An arcjet is a direct absorption electro-thermal thruster wherein the propellant is heated by an electric arc. It essentially consists of a negative (cathode) and a positive (anode) annular electrode, held close together by an insulating material and surrounded by a chamber, with an open connection to a nozzle, see figure. The narrow passageway between the cathode and anode is called the constrictor.



Figure: Schematic of arcjet thruster

To operate the thruster, it is filled with gas and voltage is applied. When the applied voltage is high enough (in excess of the breakdown voltage) and the power supply allows for sufficient current flowing (in excess of the holdover current), an arc occurs. The gas in between the electrodes is ionised and the conducting path closes the circuit and electrons will flow from the cathode to the nozzle (anode). As the electrons leave the cathode, the electric fields that exist between the cathode and anode accelerate them. Through collisions with the propellant gas, the propellant is heated to a high temperature. In the arc, the temperature can be in excess of 10,000-20,000 K. The injection of the propellant gas near the base of the cathode usually is with an azimuthal swirl. One can picture the gas flow by imagining that a section of gas flows around and along the cathode in a helix, the centre of which is the middle of the cathode/thruster. This flow surrounds both the cathode and then the electric arc in the constrictor. The swirl prevents the arc from kinking and touching the walls, thereby keeping the constrictor from melting. Only a small portion of the gas flow actually experiences direct electric arc heating; the other portion surrounding the central core is cooler, mixes with the very hot gases from the arc, and helps to protect the walls from excessive temperatures. The electrodes typically are made from tungsten alloy allowing for electrode temperatures in the range of 2000-2300 K. With regard to the propellants there are no important limitations.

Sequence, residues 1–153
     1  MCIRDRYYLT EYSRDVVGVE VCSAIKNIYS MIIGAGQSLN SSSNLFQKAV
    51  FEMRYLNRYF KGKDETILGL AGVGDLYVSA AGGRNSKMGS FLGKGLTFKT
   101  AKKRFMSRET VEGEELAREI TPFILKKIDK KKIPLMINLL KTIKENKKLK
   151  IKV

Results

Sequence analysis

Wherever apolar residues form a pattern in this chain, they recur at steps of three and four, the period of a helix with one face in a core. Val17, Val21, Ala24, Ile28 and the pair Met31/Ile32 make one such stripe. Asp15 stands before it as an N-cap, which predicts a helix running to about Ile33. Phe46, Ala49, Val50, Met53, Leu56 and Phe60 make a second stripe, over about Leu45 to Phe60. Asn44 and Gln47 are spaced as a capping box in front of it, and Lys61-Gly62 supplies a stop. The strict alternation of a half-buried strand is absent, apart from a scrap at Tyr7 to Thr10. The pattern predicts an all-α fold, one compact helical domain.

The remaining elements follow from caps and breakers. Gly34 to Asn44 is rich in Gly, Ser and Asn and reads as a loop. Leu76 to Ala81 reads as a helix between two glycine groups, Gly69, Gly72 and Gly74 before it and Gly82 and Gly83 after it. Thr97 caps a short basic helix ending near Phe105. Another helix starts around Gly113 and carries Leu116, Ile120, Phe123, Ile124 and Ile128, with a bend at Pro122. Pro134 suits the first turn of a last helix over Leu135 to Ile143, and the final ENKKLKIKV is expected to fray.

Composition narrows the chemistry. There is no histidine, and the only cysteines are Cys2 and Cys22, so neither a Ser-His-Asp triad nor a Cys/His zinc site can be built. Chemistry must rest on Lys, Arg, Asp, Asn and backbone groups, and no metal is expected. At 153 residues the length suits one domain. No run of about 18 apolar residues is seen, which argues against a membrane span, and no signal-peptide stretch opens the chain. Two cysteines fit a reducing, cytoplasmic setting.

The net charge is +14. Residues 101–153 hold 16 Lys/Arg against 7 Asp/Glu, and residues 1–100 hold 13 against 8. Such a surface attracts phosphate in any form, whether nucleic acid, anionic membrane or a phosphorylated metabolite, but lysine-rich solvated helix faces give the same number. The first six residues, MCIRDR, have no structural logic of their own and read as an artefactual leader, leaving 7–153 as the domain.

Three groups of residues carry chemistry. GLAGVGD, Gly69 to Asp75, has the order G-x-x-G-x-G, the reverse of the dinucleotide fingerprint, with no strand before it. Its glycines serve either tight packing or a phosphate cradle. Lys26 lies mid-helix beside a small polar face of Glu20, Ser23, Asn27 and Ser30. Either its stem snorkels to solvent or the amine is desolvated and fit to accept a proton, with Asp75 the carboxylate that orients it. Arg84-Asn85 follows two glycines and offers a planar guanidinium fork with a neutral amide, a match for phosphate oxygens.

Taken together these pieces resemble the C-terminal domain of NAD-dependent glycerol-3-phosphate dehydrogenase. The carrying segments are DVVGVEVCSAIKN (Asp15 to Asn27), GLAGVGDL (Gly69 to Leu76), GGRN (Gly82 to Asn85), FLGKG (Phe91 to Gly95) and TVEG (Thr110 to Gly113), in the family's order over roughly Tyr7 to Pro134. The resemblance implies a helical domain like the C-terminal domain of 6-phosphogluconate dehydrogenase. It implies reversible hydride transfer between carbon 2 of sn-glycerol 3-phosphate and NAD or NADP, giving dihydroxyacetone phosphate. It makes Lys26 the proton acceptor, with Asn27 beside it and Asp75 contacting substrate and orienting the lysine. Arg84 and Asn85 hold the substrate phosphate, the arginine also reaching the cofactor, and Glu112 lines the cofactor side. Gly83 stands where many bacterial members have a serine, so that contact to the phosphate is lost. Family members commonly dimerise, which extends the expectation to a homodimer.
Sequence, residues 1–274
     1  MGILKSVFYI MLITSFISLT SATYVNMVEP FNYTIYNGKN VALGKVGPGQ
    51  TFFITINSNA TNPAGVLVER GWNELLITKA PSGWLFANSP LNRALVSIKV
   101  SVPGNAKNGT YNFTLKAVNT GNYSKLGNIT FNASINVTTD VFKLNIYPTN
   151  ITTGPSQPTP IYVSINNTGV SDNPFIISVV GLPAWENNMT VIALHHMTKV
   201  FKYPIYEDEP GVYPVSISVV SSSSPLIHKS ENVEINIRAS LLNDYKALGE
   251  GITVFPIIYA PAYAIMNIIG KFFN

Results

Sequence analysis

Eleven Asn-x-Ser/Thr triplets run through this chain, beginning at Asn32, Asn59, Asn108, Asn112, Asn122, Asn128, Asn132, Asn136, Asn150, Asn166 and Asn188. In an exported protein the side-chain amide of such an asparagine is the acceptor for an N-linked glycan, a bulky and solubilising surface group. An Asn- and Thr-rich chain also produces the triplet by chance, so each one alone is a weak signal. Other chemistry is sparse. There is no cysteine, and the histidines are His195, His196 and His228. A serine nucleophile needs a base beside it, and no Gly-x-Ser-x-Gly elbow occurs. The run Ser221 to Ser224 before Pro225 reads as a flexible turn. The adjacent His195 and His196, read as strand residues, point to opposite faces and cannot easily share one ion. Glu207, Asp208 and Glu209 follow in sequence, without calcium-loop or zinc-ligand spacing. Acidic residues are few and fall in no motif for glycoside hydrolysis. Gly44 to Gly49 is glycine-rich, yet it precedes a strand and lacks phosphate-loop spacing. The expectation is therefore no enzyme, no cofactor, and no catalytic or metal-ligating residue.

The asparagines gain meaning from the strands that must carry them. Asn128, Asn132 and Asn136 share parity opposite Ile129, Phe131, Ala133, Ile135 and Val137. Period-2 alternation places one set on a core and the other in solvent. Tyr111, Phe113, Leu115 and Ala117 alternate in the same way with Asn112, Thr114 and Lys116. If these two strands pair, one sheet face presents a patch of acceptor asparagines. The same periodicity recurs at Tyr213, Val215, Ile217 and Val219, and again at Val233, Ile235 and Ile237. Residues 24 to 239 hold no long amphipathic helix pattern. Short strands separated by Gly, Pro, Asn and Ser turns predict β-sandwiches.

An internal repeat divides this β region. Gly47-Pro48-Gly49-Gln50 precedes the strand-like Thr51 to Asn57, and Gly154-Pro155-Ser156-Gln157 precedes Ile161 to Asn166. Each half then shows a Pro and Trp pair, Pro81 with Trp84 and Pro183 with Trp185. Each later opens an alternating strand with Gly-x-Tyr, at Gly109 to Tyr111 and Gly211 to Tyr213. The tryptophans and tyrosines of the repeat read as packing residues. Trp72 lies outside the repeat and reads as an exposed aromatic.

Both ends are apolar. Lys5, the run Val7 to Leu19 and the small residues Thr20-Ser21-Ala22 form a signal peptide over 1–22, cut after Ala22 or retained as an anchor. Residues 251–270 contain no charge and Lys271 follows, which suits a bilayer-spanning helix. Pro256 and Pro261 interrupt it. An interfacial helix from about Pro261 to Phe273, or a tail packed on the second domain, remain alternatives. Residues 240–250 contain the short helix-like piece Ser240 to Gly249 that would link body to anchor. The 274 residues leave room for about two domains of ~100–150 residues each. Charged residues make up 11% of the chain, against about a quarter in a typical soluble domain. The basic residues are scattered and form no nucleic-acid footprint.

Highest performance is achieved by using hydrogen and lithium, due to their low molecular mass. Depending on temperature and propellant an exhaust velocity of up to 10-15 km/s (hydrogen propellant) and 4-5 km/s (hydrazine propellant) seems feasible.

Arcjets can use electrical power from solar cells or batteries, and any of a variety propellants.Thrust efficiency of arcjets is typically less than about 50% [G. P. Sutton, Rocket Propulsion Elements] meaning that less than half of the electrical energy goes into the kinetic energy of the jet. The residual non-kinetic energy (heat and ionised particles) of the exhaust jet is the largest loss. 10-20% of the electrical power input is usually dissipated as radiated heat to space from the hot nozzle anode or transferred by conduction to other parts of the thruster.

Operational life of arcjets currently is limited by electrode erosion to about 1000-1500 hours. 

Some typical developments are described in Research and Development of Arcjets. Typical data of power augmented hydrazine thrusters are given in "Power augmented hydrazine thruster characteristics". If you are interested in more Arcjet Data, consider having a look at the paper: "Overview of Thermal Arcjet Thruster Development" by Wollenhaupt, B., Herdrich, G., Fasoulas, S., and Roser, H., IRS, University of Stuttgart, Germany.
Arcjets have amongst others been applied on GE Astro 7000 (currently Lockheed Martin) satellite bus, as well as for the orbit-fine-control of the amateur radio satellite AMSAT P3-D.


[1]The space between and shape of the electrodes, the nature of the surface treatment of the electrodes, and the gas and the gas pressure determine the breakdown voltage of the thruster.

[2]With temperature is meant here the effective temperature and not the electron temperature. The latter is usually much higher. For example, to ionise hydrogen an electron should have an energy of at least 13.6 eV. This resembles an electron temperature of close to 150,000 K.

Name author: SSE
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